Mat 21:12    Then Jesus went into the temple of God and drove out all those who bought and sold in the temple, and overturned the tables of the money changers and the seats of those who sold doves.

Mat 21:13    And He said to them, “It is written, ‘MY HOUSE SHALL BE CALLED A HOUSE OF PRAYER,’ but you have made it a ‘DEN OF THIEVES.'”

The pilgrims coming to sacrifice at Passover had to exchange their money for Temple currency.  The money changers were allowed charge exorbitant rates, and kick back a portion to the high priest; it was what we’d call a racket.

Not only that: if you brought your own animal to sacrifice, the priests would find something wrong with it, forcing you to purchase one of their ‘pre-approved’ animals – but, again, at an outrageous price.

Not only that: this was taking place in the Court of the Gentiles, which was intended to give non-Jews and outcasts the opportunity to approach the God of Israel for mercy and salvation.  Instead they saw corruption.

“My house” is a claim of deity.  “House of prayer” is from Isaiah 56:7; “den of thieves” is from Jeremiah 7:11.

The Gospel of John records Jesus doing this at the beginning of His three and one half year ministry.  He does it again here at the end.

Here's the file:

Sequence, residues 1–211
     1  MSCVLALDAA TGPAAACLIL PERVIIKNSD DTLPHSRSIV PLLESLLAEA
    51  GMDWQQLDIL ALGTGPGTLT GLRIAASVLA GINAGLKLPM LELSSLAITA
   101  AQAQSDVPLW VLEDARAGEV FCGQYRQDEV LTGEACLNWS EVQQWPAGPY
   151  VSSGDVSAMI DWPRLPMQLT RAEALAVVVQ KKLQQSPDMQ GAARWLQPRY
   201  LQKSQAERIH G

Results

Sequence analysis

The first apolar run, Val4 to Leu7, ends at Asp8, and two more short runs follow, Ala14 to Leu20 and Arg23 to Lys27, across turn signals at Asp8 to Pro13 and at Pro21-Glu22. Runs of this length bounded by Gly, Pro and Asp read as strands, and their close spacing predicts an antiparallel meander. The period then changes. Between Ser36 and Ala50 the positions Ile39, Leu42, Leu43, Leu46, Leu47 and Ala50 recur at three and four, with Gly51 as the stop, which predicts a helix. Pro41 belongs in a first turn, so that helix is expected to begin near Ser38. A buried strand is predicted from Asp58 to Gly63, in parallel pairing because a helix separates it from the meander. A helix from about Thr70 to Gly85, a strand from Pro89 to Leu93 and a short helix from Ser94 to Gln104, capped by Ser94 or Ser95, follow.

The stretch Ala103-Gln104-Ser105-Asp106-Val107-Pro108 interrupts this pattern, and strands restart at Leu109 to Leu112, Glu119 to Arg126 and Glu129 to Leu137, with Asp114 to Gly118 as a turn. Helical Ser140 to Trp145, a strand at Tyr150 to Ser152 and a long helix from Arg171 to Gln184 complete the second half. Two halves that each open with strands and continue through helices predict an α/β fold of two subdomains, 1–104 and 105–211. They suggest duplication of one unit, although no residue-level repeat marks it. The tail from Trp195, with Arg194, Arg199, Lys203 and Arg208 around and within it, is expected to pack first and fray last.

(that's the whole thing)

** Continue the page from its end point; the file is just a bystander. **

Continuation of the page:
I hate to draw encouragement from negative results, but the overturning of their tables didn’t have any lasting effect.

Sometimes you can do all the right things ministering for The Lord but not get godly results.  God has determined to allow men and women to exercise real free will.

Mat 21:14    Then the blind and the lame came to Him in the temple, and He healed them.

That’s a better use for the Temple, is it not?  Jesus cleared out the secular and got down to the spiritual.

Whatever The Lord has given us, we want to dedicate it to providing spiritual help for folks who have need.  We can’t get so wrapped-up in things that we overlook people.

Mat 21:15    But when the chief priests and scribes saw the wonderful things that He did, and the children crying out in the temple and saying, “Hosanna to the Son of David!” they were indignant